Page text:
Olympic athletes take part in A Year of Service

This news article was published under the 2010 to 2015 Conservative and Liberal Democrat coalition government

Throughout 2012, faith communities - as part of the government-backed, A Year of Service - have been leading a series of volunteering days.

These events encourage communities to come together to help improve their local neighbourhoods and highlight the voluntary service that people of faith carry out locally.

Last weekend marked the Muslim contribution to A Year of Service, which through A Taste of Faith and A Time to Give encouraged mosques and community centres to open their doors to their local communities and also to visiting international athletes and home grown sport stars.

On Saturday (4 August 2012), Great Britain hockey player Darren Chessman attended an interfaith meal at the Central Mosque of Brent where the local community had helped to prepare food hampers to be donated to local charity Homeless Concern.

On Sunday (5 August 2012), 30 members of the Afghan National Olympic team including judo competitor Ajmal Faizzadatook and 100m sprinter Tahmina Kohistani took time out from the London Games to enjoy a celebratory interfaith meal at Palmers Green Mosque. The mosque had invited people of all faiths to meet the Afghan team and come together for an Iftar, the meal when Muslims break their fast during the Islamic month of Ramadan.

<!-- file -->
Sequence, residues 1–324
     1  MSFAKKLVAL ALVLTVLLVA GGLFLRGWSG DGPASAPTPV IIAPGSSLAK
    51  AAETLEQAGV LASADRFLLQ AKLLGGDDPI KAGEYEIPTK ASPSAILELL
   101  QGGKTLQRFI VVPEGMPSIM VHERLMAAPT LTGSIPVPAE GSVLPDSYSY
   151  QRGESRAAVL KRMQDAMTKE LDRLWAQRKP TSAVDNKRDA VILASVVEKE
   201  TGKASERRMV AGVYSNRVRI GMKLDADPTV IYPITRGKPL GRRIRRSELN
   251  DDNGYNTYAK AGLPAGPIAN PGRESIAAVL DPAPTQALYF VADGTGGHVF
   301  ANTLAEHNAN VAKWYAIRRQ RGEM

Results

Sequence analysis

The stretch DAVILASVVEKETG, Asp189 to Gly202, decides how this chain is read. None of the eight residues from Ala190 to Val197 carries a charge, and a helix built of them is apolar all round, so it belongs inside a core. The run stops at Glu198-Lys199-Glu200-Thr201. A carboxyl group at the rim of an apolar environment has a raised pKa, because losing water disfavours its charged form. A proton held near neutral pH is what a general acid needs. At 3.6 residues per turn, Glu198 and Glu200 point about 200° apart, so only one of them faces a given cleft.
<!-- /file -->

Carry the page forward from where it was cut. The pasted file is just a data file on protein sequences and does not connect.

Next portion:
Afghan Olympic team
Afghan National Olympic team attending an Iftar meal at Palmers Green Mosque

The Olympic Games are providing the opportunity to unite people from different backgrounds, cultures, and nations through a shared interest in sport and Mohammad Tariq Fediq, Centre Manager at Palmers Green Mosque, said that the presence of the Afghan Olympic team had been “inspirational”.

It was a great community gathering. It was a good opportunity for us to show the rest of the world how Muslims break the fast because the month is a month of sharing. It also showed the British Muslim hospitality.

Throughout the month of Ramadan, communities across the country have been coming together for shared meals from Birmingham to Southampton with more events still to come.

Speaking of the Muslim Contribution to A Year of Service, Communities Secretary Eric Pickles said:

Muslim communities across the UK traditionally help others by supporting charities and volunteering throughout the year. These good works are highlighted by the Government-backed A Year of Service programme, which is seeing Muslim communities - in common with religious groups across the nation all year - opening their doors to those of other faiths and of none during Ramadan to take part in volunteering initiatives. Whether it has been creating food hampers for the less well off, or an Iftar community meal reaching out to those in need, each unique event has brought people together in an admirable way.